Clayton describes the ghost as scrubby with bad ears; and then he invites the ghost into his bedroom. A lively and amazing conversation takes place between Clayton and this ghost. Clayton takes pity on the sorry thing and tries to assist the ghost in returning to the ‘world of shades.’

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Incantations, passes, gestures and the power of the world beyond make this a well-plotted and entertaining story. What begins as an amusing ghost tale becomes classic HG Wells adventure–clever, colorful, and chilling.

 

 

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Did you know that H.G Wells’ first published book was a biology textbook in 1893? He thought of lasers in The War of the Worlds years before Einstein’s quantum theory would even make lasers feasible. Wells came up with automated doors in his 1899 novel When the Sleeper Wakes.

Read The Inexperienced Ghost at OnlineLiterataure.com

Listen to the audio on YouTube.com.

 

Other Reading Web Sites to Visit

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Bibliophilica       Lovecraft Ezine     HorrorAddicts.net  

Horror Novel Reviews    HorrorPalace

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Don’t forget to view the INDEX above of more free Tales of Terror classic authors.

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Into the Darkest Valley

Valley of the Spiders   By H. G. Wells (1903)

Tuesday’s Tale of  Terror    January 27, 2015

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Into the darkest valley. Shadows go before them through the trails of the mountain path. Three men are on an adventure in the wilderness: a gaunt man with a scarred lip, a man riding a silver bridle, a dreamy little man on a white horse. They are pursuing a girl with a bleeding foot. They ride for four days, with a shortage of water, and finally come upon a wild dog. This is the first sign. Not long after, they come upon ragged floating globes, cobwebbey, that begin to descend across the valley.

 

imagesWhat do you do when you see a spider in your bathtub? Are you apt to kill it or scoop it up and send it to the outside world where it belongs? Next time you see a spider, wish on it and gently blow it away. They are cute little buggers, right? Not according to H.G Wells.

 

 

imgresWells’ descriptions of gigantic spiders have the makings of a real nightmare. There’s no scooping these guys away. Wells crafts a classic drama about cowardice and pride and the power of nature.  He is considered a visionary and the most prolific writer in science fiction–he wrote over fifty short stories. It is said that all were written quickly and virtually at a single sitting each. He said of his short stories “I found that taking almost anything as a starting-point and letting my thoughts play about it, there would presently come out of the darkness, in a manner quite inexplicable, some absurd or vivid little incident more or less relevant to that initial nucleus. Little men in canoes upon sunlit oceans would come floating out of nothingness, incubating the eggs of prehistoric monsters unaware; violent conflicts would break out amidst the flower-beds of suburban gardens; I would discover I was peering into remote and mysterious worlds ruled by an order logical indeed but other than our common sanity.”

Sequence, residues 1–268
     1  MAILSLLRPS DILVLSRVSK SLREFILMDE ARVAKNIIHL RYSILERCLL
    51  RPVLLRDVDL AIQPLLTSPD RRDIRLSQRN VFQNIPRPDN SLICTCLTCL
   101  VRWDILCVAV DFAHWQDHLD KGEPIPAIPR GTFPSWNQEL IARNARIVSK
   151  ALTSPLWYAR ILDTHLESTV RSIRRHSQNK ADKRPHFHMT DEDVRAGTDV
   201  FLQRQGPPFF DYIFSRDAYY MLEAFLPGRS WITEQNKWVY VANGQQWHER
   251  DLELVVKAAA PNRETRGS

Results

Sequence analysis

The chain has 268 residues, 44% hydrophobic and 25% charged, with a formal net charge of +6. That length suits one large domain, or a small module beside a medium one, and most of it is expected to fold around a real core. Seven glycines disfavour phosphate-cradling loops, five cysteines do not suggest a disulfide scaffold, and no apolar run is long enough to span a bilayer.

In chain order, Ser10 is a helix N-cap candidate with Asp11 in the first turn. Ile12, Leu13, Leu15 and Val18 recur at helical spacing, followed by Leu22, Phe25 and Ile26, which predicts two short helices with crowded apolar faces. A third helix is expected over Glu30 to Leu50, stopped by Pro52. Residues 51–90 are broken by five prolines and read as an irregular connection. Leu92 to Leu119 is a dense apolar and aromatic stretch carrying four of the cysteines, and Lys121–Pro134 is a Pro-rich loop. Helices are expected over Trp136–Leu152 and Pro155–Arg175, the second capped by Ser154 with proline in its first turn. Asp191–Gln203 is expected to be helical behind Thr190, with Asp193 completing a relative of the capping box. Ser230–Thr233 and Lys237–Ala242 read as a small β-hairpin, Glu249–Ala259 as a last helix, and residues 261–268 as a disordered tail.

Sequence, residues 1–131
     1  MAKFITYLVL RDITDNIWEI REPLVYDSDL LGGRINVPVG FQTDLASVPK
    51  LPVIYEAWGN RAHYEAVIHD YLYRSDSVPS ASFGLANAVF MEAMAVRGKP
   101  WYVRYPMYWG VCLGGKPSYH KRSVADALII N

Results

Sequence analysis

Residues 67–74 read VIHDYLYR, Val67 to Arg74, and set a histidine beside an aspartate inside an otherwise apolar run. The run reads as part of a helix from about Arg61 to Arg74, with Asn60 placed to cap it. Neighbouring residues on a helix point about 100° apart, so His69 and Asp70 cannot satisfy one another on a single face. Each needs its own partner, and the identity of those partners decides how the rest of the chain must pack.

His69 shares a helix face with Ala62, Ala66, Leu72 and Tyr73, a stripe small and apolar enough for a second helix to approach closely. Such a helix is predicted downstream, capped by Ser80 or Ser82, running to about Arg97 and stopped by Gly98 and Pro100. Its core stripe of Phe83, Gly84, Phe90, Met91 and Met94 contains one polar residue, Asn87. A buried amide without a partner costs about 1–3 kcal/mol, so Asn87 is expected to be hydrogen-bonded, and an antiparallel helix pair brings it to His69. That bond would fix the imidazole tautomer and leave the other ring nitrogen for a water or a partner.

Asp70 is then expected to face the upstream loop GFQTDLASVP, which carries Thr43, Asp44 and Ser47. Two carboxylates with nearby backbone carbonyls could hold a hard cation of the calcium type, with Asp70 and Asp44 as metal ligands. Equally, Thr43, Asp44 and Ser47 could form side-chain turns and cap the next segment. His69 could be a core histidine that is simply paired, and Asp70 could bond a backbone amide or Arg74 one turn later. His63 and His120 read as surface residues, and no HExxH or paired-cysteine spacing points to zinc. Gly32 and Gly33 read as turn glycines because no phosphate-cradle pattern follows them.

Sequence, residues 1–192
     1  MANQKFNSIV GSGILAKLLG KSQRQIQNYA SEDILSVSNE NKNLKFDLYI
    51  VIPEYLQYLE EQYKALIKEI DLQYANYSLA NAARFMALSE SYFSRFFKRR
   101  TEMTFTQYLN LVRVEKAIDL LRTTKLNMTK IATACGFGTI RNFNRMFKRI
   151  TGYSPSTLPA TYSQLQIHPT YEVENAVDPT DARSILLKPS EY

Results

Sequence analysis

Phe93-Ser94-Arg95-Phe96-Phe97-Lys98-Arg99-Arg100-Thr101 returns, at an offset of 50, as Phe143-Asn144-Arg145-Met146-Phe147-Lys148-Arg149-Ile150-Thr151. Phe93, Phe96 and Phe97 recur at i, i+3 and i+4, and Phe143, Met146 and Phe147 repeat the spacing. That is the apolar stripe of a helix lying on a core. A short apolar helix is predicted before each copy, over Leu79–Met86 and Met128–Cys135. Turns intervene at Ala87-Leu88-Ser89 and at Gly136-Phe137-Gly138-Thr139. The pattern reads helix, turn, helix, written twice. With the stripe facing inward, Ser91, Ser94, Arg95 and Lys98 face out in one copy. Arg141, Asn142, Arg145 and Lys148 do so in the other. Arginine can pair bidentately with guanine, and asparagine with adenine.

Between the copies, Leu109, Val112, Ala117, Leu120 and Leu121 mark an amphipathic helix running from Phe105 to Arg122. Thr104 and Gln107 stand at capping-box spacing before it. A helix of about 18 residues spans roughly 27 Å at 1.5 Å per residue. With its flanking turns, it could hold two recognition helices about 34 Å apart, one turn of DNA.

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Read Valley of the Spiders at Online-Literature

Listen to the audio version on YouTube.com

 

 

Next Month, February, is Women in Horror Month!

 

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HorrorNews.net     HorrorTalk.com

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For Authors/Writers:  The Writer Unboxed

Don’t forget to view the INDEX above of more free Tales of Terror classic authors.

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A Haunting Suspense

The Presence by the Fire   by H.G. Wells (1897)

Tuesday’s Tale of Terror     September 16, 2014

imagesThe early fiction of H.G. Wells includes a number of “uncollected stories,” and The Presence by the Fire is one that most readers (even most Wells’ fans) have never read. This somewhat sentimental ghost story was rediscovered years ago at the old British Museum Library (1990s?). Romantic love stories of the supernatural are often on my list and this one, although predictable, is a ghostly experience that reminds me of old world drama. It’s a 15-minute read, heartfelt and haunting.

Reid’s wife Mary is dying. At her deathbed, he is torn to pieces, as he knows he must let her go. She utters a last farewell to him and he hangs on through the last breath she takes in this world. How does he cope with Mary gone from his life? Perhaps his love is so strong that he can draw his departed Mary back into this world.

images-1   “The firelight played upon her face.”

 

 

 

 

 

 

Read H. G. Wells’ short story The Presence by the Fire at StoryPilot.com

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Speaking of ghosts …

JBPriestleyHave you read any of the stories by novelist and playwright J.B. Priestley (1894-1984)? The Old Dark House is a haunted house tale (nowhere to be found online in text) but is a film (1931) with Boris Karloff, Charles Laughton, Gloria Stuart (1 hour, 10 minutes), directed by James Whale (director of Frankenstein).

The film is black-and-white vintage spookery, shadows and candlelight, beating rain and thunder. Travelers are driven off the road from violent rain and wind and must find shelter in a storm-battered castle in Wales. There is a warm fire, weird and cranky caretakers in a castle with no beds … and, Morgan a savage who is loose on the property, a mysterious voice upstairs, a madman kept behind a locked door, and murder. Okay, so cliché after cliché saturates this story and it’s full of melodrama, but if you like the old style movies, this classic is one that harkens back like old wine, a bit musky on the palate but after a glass or two, it’s fun and interesting.